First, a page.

Lately, Mitt Romney has been running on a platform that attacks President Obama for the decision, in the midst of the financial crisis, to come to the rescue of the big auto companies in Michigan in order to save jobs. The aid worked: those companies have kept workers on and the auto industry is now expanding again. But Romney wants to win kudos from his right-wing supporters, and so has to appear to follow the party line that says that any government aide to business is per se bad because "the markets" should be "free" to handle everything.
Trouble is, Romney doesn't really believe that. If he did, he wouldn't have lobbied for, and accepted, various government handouts and low-priced loans for businesses owned by his private equity firm, Bain Capital. The fact that he found accepting taxpayer support for business a fine idea when it helped him make more personal profits suggests, like is flip-flopping on health care reform and other ideas, that Romney merely puts on the facade that he thinks will sell him best to a particular audience.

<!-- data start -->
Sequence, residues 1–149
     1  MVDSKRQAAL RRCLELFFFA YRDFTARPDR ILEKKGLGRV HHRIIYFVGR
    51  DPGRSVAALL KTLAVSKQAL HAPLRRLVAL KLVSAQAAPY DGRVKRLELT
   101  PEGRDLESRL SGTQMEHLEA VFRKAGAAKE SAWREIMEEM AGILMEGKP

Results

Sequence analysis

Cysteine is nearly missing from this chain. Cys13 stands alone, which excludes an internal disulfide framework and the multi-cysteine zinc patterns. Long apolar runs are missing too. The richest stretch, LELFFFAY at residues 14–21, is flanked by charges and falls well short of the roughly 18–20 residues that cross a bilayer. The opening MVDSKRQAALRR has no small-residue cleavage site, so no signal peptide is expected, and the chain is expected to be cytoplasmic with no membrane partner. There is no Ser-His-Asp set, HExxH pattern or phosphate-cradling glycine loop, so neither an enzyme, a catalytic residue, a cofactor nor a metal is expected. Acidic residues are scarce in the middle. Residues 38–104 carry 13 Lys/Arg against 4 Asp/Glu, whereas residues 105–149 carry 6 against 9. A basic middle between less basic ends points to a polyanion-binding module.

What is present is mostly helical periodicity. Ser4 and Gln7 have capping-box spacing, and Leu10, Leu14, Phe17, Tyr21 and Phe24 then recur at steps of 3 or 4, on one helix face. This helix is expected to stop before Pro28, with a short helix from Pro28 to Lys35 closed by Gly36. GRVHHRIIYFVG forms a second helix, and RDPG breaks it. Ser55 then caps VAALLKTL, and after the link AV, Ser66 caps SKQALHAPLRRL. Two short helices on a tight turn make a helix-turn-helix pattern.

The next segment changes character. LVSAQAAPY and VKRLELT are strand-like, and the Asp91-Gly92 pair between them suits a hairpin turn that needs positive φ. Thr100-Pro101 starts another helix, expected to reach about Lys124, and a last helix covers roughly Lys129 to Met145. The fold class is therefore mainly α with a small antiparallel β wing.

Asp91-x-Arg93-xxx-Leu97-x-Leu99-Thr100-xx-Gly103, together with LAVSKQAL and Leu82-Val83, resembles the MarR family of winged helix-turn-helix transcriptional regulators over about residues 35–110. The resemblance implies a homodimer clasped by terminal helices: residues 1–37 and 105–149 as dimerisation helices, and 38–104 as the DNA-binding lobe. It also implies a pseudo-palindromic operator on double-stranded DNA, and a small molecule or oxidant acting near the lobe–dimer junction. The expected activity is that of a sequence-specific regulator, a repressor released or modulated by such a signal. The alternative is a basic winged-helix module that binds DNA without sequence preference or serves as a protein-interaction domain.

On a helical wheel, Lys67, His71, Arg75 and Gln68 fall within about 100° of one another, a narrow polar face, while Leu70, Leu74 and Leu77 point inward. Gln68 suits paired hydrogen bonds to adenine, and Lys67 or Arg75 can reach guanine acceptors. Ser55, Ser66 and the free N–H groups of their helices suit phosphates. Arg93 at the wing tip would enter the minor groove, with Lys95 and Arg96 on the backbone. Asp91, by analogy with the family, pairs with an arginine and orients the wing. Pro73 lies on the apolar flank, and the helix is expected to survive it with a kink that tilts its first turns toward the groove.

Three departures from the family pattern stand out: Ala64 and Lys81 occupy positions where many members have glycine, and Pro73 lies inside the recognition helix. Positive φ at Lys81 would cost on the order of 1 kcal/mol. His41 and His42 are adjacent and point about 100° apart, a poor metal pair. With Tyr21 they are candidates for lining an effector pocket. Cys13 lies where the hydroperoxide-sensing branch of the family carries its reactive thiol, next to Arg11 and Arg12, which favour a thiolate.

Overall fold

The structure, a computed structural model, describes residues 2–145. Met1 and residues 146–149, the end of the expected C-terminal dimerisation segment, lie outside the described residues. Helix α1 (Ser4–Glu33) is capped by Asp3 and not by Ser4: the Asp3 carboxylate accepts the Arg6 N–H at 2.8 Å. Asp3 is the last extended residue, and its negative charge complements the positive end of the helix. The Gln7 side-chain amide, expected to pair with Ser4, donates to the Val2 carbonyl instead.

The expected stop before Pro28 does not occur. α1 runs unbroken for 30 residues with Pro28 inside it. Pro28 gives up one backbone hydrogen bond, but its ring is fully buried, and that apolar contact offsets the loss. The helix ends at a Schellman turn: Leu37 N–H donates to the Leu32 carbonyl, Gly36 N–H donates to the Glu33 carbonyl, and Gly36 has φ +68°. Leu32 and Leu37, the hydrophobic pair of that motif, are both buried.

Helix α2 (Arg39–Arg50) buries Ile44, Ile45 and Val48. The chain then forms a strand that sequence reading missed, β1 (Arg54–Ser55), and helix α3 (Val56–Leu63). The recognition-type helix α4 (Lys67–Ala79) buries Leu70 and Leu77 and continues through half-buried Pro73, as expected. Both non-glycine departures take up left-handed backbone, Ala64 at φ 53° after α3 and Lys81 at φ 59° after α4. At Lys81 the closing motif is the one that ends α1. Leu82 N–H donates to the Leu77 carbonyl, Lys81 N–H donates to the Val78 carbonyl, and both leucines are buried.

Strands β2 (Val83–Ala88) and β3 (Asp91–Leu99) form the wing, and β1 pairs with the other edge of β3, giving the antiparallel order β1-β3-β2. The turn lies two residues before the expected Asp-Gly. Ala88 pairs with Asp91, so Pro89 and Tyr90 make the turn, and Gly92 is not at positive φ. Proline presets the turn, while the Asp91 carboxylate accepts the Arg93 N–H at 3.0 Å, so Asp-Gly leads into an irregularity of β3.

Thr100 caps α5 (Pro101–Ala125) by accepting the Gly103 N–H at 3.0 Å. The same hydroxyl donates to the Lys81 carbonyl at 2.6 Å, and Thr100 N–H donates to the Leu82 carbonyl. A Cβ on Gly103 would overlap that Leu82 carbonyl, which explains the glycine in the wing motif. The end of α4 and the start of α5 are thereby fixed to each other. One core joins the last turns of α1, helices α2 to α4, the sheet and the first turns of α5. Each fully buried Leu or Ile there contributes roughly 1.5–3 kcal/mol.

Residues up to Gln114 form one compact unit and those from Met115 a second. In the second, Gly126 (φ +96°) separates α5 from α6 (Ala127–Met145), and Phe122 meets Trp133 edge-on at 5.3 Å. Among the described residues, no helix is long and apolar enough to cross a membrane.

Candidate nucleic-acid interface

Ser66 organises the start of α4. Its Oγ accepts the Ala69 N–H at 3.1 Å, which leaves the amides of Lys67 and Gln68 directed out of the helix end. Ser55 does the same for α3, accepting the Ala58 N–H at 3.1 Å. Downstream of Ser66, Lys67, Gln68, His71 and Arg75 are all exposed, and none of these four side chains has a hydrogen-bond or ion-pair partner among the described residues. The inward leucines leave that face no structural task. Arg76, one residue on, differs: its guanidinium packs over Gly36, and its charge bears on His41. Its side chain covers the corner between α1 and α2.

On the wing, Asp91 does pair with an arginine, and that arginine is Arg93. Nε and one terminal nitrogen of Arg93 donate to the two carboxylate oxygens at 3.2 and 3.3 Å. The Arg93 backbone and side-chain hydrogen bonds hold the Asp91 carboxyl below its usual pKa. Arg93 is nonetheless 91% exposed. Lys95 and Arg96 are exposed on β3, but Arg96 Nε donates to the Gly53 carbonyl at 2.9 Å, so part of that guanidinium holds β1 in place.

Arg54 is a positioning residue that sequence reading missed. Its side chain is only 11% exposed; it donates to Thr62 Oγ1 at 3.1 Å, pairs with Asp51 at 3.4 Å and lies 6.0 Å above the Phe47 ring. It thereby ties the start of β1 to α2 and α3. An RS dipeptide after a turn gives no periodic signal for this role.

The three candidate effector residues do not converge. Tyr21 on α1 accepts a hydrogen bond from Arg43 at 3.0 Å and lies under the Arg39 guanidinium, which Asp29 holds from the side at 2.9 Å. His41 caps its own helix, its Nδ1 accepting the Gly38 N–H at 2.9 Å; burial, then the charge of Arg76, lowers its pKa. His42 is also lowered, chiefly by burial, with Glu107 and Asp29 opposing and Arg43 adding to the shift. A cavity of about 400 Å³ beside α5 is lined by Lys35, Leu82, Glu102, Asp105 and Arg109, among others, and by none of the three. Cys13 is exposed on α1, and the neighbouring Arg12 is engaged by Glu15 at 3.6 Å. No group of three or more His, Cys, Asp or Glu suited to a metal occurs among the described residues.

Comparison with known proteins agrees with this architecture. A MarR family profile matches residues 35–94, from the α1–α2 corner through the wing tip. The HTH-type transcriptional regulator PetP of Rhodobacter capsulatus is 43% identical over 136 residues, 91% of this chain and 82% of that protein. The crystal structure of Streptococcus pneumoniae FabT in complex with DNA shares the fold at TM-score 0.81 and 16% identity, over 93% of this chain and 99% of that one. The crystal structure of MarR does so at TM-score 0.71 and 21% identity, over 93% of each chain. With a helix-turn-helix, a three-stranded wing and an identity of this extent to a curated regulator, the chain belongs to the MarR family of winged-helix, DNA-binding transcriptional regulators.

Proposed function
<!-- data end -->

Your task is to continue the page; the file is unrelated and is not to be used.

For information on the various kinds of government assistance Romney's firm sought and accepted, see Lee Fan, Romney relied on corporate welfare: how Bain capital leveraged government assistance to boost profits, Salon.com (Dec. 21, 2011) (discussing Staples and other businesses invested in by Bain).